Rice – dry rice was also out of stock everywhere however most shops I’ve been to have had microwave rice packs which you can heat on the hob with just a splash of water.

Grains – look for other grains that you don’t normally use, try Freekah, Pearl Barley, Spelt, Giant CousCous – if there are limited dried options, then have a look for microwavable mixes. In most recipes, grains can be interchangeable!

Beans – there were no baked beans left when I shopped on Saturday, however there were butter beans, black beans and a selection of dried beans/lentils. This is a great time to experiment with different beans and pulses beyond chickpeas, kidney beans  and baked beans. They’re a great source of fibre, protein and count as one of our five per day.

23.Cook, Eat, Run taco 2

How to Continue to Get Your Five Fruit & Veg Per Day 

Whilst it may be more difficult to get our usual food shopping done, and we might have to be a little more creative when it comes to meeting our 5-a-day.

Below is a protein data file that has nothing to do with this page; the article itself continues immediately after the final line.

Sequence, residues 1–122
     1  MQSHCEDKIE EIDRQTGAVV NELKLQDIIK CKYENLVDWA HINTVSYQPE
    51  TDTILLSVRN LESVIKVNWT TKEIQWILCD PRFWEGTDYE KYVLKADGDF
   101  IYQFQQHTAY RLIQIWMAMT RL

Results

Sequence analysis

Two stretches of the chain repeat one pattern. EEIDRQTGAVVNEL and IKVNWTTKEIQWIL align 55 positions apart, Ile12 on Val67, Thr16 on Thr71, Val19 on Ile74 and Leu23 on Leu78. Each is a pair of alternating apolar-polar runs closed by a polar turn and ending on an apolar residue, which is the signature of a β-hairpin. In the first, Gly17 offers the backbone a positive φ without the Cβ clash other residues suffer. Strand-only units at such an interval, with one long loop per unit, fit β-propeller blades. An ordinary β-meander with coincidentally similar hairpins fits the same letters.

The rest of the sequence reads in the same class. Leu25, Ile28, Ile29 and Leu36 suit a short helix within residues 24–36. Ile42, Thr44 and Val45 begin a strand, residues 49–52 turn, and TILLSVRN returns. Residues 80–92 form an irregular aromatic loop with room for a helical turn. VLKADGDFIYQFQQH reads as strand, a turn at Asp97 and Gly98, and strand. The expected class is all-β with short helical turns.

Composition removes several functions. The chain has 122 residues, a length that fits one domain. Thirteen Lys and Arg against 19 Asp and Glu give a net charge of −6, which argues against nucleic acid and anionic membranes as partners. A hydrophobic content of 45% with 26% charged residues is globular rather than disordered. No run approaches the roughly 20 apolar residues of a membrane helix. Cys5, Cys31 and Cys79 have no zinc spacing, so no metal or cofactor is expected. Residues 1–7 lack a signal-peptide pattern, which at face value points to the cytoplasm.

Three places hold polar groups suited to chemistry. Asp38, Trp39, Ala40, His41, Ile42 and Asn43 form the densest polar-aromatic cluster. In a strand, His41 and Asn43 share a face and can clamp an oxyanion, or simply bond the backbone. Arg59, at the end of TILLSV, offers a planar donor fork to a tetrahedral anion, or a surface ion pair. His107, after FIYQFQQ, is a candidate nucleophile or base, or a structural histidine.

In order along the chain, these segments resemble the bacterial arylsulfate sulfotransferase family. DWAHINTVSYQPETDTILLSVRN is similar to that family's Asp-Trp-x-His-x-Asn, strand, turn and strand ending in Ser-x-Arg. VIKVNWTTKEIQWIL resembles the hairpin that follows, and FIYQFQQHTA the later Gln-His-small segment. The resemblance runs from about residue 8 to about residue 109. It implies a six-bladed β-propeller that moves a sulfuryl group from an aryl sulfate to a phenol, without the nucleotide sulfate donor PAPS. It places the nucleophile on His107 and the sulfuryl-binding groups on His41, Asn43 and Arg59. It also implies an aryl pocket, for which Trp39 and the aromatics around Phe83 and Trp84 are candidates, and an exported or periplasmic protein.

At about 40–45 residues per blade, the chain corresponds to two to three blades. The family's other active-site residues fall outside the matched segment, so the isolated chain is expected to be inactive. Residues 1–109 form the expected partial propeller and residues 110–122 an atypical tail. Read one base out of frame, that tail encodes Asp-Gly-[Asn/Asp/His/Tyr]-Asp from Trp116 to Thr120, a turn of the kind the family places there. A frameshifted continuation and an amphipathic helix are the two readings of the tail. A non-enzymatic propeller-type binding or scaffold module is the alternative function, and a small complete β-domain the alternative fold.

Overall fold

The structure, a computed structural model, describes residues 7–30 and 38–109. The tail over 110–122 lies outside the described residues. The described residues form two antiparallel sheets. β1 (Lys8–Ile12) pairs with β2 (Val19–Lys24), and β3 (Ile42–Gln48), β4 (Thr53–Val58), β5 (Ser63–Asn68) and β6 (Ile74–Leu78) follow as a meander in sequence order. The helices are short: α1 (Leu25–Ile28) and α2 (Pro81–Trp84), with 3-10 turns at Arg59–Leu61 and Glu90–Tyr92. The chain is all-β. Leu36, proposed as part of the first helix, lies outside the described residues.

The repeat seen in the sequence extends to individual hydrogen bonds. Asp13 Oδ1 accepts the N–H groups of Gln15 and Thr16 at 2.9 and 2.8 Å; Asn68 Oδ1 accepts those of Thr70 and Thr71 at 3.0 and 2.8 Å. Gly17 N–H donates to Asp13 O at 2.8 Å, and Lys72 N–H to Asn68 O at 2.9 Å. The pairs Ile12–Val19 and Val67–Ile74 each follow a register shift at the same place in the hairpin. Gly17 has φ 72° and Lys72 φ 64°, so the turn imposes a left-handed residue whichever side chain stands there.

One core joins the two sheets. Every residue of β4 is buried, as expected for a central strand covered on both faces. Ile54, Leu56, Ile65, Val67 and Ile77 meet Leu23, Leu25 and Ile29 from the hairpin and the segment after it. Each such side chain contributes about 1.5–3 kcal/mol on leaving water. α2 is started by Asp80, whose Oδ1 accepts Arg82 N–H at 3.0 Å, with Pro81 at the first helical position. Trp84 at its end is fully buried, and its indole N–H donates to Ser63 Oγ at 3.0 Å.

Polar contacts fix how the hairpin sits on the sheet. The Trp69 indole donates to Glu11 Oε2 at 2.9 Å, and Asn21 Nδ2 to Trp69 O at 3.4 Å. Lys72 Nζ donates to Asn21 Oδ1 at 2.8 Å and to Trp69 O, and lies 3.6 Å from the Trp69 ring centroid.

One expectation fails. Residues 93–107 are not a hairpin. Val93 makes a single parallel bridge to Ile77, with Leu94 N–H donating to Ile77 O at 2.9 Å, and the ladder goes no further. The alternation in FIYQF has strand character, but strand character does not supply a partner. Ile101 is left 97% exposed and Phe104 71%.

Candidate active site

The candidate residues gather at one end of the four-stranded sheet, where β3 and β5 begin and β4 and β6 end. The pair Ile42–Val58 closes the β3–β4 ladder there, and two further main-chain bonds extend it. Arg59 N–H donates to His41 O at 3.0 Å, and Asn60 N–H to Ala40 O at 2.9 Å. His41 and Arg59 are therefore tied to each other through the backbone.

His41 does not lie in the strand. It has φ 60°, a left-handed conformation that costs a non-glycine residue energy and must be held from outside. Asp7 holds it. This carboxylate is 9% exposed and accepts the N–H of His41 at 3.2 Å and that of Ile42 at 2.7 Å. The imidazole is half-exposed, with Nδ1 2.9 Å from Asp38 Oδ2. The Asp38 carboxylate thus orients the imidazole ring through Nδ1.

Fresh

Most shops are still selling fresh fruit and veg, it might also be worth checking out what your corner/local shop or greengrocer has in stock. Now is the perfect time to support local businesses! Whilst the stock might not be your usual fruit/veg options, try something new or what you can get!

Frozen 

Spinach, broccoli, peas, sweetcorn, berries, pineapple, bananas etc – they all freeze really well. Spinach can be thrown straight into a sauce, stew, curry etc from frozen. Peas and sweetcorn are great additions to many meals or as a side of veg, whilst frozen fruit can be baked into deserts, stirred into porridge or blended into a smoothie.

Dried

30g of dried fruit counts as a portion, stir into your breakfast, add to your grains for a middle-eastern vibe, or enjoy as a snack.

Tinned

Tinned tomatoes are usually a store cupboard staple in my house. But they are perfect for homemade sauces, stews and curries. Tinned fruit and veg are just as good as fresh and perfect if you’re on the 7-14 day isolation.

Juice

Although it only counts as one of your five a day, it still counts. I’ve been mixing orange juice with sparkling water to increase hydration and reduce portion size of the juice! Keep your serving to 150mls and ensure it’s not from concentrate for it to count.

I’m going to be sharing weekly recipes to utilise your storecupboard staples with suggestions of swaps to make if you can’t get hold of the exact ingredients.